Opinion DC Comment 12 May 2022 DC Edit | Why dynast ...

DC Edit | Why dynasts are back in Manila

DECCAN CHRONICLE.
Published May 12, 2022, 2:38 am IST
Updated May 12, 2022, 2:38 am IST
Mahindamay not be the only one to be displaced as democracies are known to be fertile fields for political families to sow the seeds
Mahinda Rajapaksa. (AP)
 Mahinda Rajapaksa. (AP)

Unlike the bell bottom trousers, the digital watch or the iPod, political dynasties tend to never go out of fashion and, even if they do, they still have a way of coming back. The present may, however, seem terrible for one of the overwhelming political dynasties of Sri Lanka, where the Rajapaksas hide in fear from the very people they had lorded over for decades.

History shows Mahinda, the man who made his brother Gotabaya the President, may not be the only one to be displaced as democracies are known to be fertile fields for political families to sow the seeds to reap power in time to come, be it the Bushes of Texas in the United States or the Bhuttos and Sharifs of Pakistan.

 

Given the history of political comebacks of dynasties, it shouldn’t have come as a terrible shock that a double dynasty was voted in with the dictator Marcos’ namesake Ferdinand Marcos Jr, and his running mate and vice-president to be in Sara Duterte, daughter of the Philippines “strongman” President Rodrigo Duterte, proving to be the recipients of the popular vote.

It is moot whether a section of voters is dissatisfied with the vote or the US is pleased with the result as the young Marcos - whose father was hounded out of office 36 years ago after a despotic rule of well-recorded human rights abuses and greed, as symbolised by the acquisitiveness of his 92-year-old mother Imelda Marcos - could turn out to be distinctly pro-China.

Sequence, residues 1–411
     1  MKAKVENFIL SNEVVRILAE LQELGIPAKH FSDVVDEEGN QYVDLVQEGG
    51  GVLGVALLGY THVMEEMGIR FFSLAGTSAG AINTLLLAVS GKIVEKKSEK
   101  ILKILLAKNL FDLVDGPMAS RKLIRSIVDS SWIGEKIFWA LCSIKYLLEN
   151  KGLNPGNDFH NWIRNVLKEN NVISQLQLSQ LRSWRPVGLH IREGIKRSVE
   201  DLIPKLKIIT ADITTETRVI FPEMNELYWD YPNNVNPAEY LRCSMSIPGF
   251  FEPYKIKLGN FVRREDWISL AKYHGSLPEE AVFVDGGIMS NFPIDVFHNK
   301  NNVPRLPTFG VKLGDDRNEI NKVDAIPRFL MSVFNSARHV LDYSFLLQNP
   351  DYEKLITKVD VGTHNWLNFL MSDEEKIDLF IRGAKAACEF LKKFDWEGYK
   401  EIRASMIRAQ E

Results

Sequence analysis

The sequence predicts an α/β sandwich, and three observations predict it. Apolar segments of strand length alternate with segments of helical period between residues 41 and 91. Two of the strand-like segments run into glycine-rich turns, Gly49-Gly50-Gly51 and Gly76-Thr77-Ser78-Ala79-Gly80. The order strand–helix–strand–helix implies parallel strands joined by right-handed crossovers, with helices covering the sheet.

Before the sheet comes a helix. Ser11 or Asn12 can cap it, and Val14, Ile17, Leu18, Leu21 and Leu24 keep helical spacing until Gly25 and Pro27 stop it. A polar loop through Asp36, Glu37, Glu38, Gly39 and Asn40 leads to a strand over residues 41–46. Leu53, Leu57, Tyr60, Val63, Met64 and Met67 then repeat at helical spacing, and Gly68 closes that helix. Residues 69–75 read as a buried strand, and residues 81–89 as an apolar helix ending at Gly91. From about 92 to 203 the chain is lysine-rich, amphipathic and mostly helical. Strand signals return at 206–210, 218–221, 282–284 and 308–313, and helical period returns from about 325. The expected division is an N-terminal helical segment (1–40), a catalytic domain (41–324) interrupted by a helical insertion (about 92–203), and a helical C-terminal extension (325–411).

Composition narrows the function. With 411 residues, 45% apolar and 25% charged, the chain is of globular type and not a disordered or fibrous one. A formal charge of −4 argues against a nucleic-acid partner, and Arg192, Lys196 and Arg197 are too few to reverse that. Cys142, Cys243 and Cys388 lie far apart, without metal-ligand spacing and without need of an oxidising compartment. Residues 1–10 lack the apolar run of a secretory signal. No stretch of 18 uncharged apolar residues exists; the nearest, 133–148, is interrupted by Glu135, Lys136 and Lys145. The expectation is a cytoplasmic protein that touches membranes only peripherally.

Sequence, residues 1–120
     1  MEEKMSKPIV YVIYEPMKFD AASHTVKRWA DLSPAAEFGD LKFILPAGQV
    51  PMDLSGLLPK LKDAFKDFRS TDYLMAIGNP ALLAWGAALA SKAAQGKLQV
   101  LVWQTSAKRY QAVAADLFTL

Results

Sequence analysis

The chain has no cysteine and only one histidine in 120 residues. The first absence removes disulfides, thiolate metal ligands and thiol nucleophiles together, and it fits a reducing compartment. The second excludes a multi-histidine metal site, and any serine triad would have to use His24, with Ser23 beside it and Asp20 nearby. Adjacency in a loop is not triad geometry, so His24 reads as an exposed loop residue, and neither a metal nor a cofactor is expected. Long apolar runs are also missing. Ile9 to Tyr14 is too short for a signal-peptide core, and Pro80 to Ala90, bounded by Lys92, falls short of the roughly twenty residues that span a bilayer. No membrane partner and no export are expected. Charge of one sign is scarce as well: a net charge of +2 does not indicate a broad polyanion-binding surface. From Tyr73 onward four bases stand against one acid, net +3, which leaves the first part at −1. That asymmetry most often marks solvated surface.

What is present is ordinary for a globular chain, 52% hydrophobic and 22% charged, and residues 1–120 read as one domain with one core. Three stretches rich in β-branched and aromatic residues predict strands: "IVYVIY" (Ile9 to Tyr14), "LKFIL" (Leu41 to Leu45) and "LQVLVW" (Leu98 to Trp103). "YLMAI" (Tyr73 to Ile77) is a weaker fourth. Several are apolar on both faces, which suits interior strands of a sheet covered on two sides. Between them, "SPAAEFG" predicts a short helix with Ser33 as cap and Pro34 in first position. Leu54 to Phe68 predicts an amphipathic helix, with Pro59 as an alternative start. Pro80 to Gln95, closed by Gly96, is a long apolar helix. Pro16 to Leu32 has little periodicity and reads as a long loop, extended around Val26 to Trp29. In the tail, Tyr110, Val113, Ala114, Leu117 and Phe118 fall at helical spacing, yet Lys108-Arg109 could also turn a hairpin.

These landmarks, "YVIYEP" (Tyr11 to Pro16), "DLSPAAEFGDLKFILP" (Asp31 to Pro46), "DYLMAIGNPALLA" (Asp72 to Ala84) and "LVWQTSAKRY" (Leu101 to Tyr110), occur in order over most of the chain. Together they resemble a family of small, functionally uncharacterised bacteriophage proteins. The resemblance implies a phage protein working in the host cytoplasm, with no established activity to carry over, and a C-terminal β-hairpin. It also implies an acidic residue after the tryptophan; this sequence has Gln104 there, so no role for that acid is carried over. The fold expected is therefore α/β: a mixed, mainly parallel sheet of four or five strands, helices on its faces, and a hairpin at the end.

Change is also subject to the swing of the pendulum of time which can pave the way for a change of taste, too, as younger generations, seeking answers to what they see as continuous misrule, tend to fall back on familiar names.

Disinformation fed on social media projecting the rule of Marcos as a golden era for Filipinos is among reasons, along with reports of malfunctioning voting machines, being given for this huge swing in one of Asia’s oldest democracies.
“Judge me not by my ancestors, but by my actions,” “Bongbong” Marcos declared, using an interesting line disassociating the candidate from his parents. Only time will tell if it’s just a clever ploy or a true desire to bring change to society.

 

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